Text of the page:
In Canada, total and core CPI inflation in July, at 2.2 per cent and 2.3 per cent respectively, continued to be above the inflation target but generally in line with the Bank's expectations. The Canadian dollar has also largely traded in the range assumed in the July MPRU. At the same time, the pace of economic growth in the first half of this year was above the Bank's expectations. It now appears that the Canadian economy is operating further above its production potential than was estimated in July. Domestic demand remains robust, buoyed by a continuing strong labour market and higher-than-expected increases in home sales and prices. However, recent developments in financial markets have led to some tightening of credit conditions for Canadian borrowers, which should temper growth in domestic demand.

Against this background, the Bank judges that the current level of the target for the overnight rate is appropriate. However, there are significant upside and downside risks to the outlook for inflation. On the upside, there is a possibility that household demand in Canada could be stronger than anticipated, while on the downside the ongoing adjustment in the U.S. housing sector could be more severe and spill over to the U.S. economy more broadly. In addition, there is uncertainty about the extent and duration of the tightening of credit conditions in Canada and, hence, about the tempering effect this will have on growth in domestic demand.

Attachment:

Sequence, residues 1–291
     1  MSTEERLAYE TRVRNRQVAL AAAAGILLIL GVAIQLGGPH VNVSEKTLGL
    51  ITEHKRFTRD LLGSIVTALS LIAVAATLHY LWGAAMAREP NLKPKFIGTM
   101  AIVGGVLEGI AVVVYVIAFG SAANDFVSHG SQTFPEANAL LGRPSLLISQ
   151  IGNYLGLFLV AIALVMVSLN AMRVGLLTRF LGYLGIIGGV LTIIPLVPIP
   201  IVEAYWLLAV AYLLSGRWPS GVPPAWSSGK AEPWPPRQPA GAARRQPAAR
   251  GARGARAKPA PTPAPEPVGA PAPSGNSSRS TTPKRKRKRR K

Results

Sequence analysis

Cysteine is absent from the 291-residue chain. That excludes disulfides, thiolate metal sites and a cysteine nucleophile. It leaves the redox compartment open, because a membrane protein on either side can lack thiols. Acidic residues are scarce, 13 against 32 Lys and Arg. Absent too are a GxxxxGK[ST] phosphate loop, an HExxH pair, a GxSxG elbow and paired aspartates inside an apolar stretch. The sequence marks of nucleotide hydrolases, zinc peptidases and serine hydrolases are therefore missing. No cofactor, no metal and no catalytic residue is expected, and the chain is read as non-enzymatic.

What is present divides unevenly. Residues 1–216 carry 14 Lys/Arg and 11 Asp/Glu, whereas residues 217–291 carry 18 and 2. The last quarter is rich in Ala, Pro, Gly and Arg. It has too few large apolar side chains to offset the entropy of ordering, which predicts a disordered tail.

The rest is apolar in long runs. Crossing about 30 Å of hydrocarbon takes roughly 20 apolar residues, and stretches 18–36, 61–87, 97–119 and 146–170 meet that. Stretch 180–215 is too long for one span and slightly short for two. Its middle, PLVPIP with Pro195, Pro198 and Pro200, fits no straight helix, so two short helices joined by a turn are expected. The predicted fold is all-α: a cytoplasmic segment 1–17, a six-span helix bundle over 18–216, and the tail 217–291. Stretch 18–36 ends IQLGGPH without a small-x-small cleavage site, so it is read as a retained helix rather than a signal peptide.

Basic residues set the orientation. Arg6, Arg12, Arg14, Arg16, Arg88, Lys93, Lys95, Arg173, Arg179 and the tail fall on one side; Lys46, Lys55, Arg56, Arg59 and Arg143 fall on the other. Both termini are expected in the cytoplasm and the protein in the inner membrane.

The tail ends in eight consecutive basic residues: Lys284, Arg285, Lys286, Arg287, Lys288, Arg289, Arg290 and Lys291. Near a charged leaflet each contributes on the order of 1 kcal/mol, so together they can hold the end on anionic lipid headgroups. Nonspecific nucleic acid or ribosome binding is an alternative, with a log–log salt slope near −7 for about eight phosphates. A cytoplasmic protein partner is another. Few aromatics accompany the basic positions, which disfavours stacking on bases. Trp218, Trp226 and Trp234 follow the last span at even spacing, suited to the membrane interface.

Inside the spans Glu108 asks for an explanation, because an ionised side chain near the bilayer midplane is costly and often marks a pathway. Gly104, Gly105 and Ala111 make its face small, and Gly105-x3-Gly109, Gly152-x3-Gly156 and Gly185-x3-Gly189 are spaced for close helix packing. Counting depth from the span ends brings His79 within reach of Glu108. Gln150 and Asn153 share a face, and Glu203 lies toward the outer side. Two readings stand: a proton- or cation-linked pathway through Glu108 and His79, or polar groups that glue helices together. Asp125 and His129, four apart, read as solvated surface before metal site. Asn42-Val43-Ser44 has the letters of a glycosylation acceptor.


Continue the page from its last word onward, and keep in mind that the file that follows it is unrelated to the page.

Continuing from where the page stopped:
The Bank will continue to closely monitor evolving economic and financial developments. A full update of the Bank's outlook for growth and inflation, including risks to the projection, will be set out in the Monetary Policy Report, to be published on 18 October 2007.